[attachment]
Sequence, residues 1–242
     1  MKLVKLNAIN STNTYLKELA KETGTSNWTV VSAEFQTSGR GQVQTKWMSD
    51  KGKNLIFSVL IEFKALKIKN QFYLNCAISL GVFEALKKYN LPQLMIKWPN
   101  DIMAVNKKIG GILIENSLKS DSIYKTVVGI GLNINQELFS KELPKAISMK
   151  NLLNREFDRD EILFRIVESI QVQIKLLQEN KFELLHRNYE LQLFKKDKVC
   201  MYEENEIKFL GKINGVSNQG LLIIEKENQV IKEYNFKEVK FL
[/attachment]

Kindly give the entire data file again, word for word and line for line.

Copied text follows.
Sequence, residues 1–242
     1  MKLVKLNAIN STNTYLKELA KETGTSNWTV VSAEFQTSGR GQVQTKWMSD
    51  KGKNLIFSVL IEFKALKIKN QFYLNCAISL GVFEALKKYN LPQLMIKWPN
   101  DIMAVNKKIG GILIENSLKS DSIYKTVVGI GLNINQELFS KELPKAISMK
   151  NLLNREFDRD EILFRIVESI QVQIKLLQEN KFELLHRNYE LQLFKKDKVC
   201  MYEENEIKFL GKINGVSNQG LLIIEKENQV IKEYNFKEVK FL